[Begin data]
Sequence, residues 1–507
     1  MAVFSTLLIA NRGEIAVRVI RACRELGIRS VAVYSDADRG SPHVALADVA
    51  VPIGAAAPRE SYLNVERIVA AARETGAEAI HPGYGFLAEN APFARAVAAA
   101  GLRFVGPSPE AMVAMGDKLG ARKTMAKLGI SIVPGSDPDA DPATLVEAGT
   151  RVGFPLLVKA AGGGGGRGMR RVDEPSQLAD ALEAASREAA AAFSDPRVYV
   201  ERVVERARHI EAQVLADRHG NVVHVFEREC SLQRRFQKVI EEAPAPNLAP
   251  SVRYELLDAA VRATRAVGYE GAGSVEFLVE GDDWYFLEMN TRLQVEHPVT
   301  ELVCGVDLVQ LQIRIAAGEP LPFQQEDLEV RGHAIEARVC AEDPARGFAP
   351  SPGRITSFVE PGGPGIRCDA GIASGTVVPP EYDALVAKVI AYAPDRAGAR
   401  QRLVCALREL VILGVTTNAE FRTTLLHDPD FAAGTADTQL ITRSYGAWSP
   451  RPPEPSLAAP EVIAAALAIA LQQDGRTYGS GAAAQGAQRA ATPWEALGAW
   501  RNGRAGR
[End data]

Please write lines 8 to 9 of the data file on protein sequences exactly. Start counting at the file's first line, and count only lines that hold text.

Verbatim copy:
   301  ELVCGVDLVQ LQIRIAAGEP LPFQQEDLEV RGHAIEARVC AEDPARGFAP
   351  SPGRITSFVE PGGPGIRCDA GIASGTVVPP EYDALVAKVI AYAPDRAGAR